EC MEPs Respond to Gag Orders

The European Commission has started imposing gag orders on its MEPs and barring journalist access to discussions at the parliament’s civil liberties committee. This is not new, but is still a rare occurrence at the LIBE committee (Civil Liberties, Justice and Home Affairs Committee). A commission-imposed clampdown happens whenever an official is asked to speak about ongoing negotiations with American authorities on the transfer of personal data of EU citizens through the Safe Harbor agreement.

Far-left German MEP Cornelia Ernst and Dutch liberal Sophie In’t Veld voted to suspend the so-called in-camera session at the Safe Harbor session last week, prompting a minor protest. It’s important to note that in-camera sessions are not open to the public. MEPs are under threat of sanctions should they discuss the issue outside of the room.

Both Ernst and In’t Veld were outvoted by the other 15 MEPs present, as both center-left and center-right committee members voted to keep the meeting secret. According to British center-left MEP Claude Moraes, responsible for heading up the civil liberties committee, he plans to organize meetings with coordinators to talk about how best to deal with in-camera sessions.

Although the LIBE Committee does not have the authority to draft new rules, it is able to decide on best practices within the limits provided by the rules. An internal parliament document on in-camera meetings notes that coordinators may request Moraes – prior to the meeting – to provide an explanation as to why a certain item should be held in-camera.

The document also notes that “any citizen of the Union, and any natural or legal person residing or having its registered office in a member state” is permitted to request an in-camera session to be recorded. The recording is considered a document which anyone can request access.

According to In’t Veld, the issue extends beyond the parliament, its rules and the committee. “I spoke to [European Commission vice-president Frans] Timmermans, I bumped into him a couple of days ago and asked him about this and he didn’t seem to be terribly aware of the whole thing. Actually, he wasn’t aware of the whole transparency regulation to begin with,” she commented.

The dissenting MEPs argue that the session where the protest vote was held did not reveal anything of substance on this issue. They believe that absolutely nothing justifies the in-camera session.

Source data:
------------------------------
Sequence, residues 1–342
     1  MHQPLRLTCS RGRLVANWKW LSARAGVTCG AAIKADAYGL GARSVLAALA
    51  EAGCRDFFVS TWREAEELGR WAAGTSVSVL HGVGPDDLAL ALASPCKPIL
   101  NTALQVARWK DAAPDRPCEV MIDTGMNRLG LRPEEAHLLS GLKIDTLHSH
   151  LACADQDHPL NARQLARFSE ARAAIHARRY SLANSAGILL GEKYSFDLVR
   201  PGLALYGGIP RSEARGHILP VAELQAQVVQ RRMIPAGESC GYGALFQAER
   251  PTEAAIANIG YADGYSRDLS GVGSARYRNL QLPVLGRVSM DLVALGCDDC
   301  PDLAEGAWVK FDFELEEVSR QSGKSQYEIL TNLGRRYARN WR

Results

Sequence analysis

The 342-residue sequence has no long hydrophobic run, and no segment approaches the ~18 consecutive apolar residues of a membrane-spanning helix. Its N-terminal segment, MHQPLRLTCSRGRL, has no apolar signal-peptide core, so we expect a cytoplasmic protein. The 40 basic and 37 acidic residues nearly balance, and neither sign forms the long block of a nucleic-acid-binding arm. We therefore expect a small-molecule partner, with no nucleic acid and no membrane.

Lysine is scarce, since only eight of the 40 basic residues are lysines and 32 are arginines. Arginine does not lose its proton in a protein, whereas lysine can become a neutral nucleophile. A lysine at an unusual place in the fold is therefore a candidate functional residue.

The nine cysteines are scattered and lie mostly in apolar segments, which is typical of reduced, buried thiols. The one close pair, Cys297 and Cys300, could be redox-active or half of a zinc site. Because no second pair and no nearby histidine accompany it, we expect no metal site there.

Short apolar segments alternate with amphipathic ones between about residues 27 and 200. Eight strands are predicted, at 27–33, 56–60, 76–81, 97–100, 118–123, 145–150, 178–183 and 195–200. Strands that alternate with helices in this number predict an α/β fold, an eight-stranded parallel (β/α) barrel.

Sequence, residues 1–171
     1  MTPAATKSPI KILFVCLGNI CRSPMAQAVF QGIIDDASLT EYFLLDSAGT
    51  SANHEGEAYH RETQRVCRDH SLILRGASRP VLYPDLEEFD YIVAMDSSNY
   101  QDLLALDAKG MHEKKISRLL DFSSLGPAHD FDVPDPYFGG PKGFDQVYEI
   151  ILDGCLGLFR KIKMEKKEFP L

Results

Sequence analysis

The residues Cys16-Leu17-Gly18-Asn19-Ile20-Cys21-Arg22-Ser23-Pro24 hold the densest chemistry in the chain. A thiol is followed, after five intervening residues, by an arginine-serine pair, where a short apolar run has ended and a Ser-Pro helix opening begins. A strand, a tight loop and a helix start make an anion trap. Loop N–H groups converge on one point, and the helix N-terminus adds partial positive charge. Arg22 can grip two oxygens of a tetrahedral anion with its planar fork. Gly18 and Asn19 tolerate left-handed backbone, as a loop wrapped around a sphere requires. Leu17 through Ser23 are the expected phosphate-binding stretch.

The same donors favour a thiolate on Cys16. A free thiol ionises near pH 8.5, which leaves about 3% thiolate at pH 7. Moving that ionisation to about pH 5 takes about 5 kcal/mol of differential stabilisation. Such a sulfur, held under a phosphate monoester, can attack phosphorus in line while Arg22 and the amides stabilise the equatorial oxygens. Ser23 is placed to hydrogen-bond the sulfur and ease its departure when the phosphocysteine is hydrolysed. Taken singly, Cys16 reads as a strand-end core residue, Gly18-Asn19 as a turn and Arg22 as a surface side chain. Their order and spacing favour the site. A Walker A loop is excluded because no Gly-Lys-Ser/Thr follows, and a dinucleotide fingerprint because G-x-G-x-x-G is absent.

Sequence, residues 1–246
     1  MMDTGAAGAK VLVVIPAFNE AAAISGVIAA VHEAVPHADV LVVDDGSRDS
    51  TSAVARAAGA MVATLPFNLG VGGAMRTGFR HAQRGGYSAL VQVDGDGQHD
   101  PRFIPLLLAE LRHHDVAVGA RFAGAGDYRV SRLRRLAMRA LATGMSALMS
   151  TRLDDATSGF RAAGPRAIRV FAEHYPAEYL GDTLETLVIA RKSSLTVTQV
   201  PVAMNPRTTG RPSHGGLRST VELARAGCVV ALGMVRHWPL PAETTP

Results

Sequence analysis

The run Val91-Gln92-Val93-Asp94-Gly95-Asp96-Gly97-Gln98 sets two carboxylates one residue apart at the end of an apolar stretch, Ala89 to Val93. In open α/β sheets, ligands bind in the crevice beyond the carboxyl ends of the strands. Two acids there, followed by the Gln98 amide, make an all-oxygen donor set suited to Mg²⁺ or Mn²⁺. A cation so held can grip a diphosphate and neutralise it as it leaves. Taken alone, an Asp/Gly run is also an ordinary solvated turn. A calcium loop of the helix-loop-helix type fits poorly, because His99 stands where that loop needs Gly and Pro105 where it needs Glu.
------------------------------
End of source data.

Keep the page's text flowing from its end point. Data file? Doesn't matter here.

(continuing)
Viability of the Safe Harbor Agreement

The Safe Harbor data law is enforced by the US Federal Trade Commission. It is meant to ensure that US firms follow EU data protection laws when processing the personal data of EU citizens. Last November, the former EU justice commissioner, Viviane Reding, published a list of recommendations for Americans to implement in order to keep the agreement relevant and viable.

Since then, it has been revealed that Washington has taken issue with three of the thirteen recommendations. In particular, American officials don’t agree with the commission’s proposal to require companies to publish the privacy conditions of any contract they conclude with subcontractors.

They also have problems with “ex officio investigations,” which are used to screen compliance through random checks.

However, the most significant issue is the commission’s recommendations on law enforcement access and national security exceptions, due in part to the limited role of the US commerce department to negotiate on the issues.

Safe Harbor/Patriot Act Issues

Law enforcement access raises other issues as well. Under the US Patriot Act, companies are banned from notifying the data subject or the data protection authority in Europe should US authorities request access to the personal details of EU nationals. According to corporate lawyer and data expert Ann La France, “It puts American companies in this Safe Harbor context between a rock and a hard place.”

There have been six in-camera sessions on Safe Harbor in the committee since July. The secret briefings have been occurring for the past couple of years, but saw a steady increase after the Guardian newspaper revealed that the American spy agency NSA was conducting indiscriminate and mass surveillance on EU citizens. As a whole, the LIBE committee has never refused an in-camera session.


The European Commission has been accused of barring journalist access to discussions at the LIBE committee whenever US data issues are on the table. In-camera sessions are not open to the public and places MEPs under the threat of sanctions should they discuss the issue outside the room. The latest in-camera session took place on December 11, 2014 and led to a minor protest at the Safe Harbor session.

CIPP Exam Preparation                                      

In preparation for the Certified Information Privacy Professional/Europe (CIPP/E) exam, a privacy professional should be comfortable with topics related to this post, including:

  • European Commission (I.B.d.)
  • International data transfers – Safe Harbor (II.I.c.)

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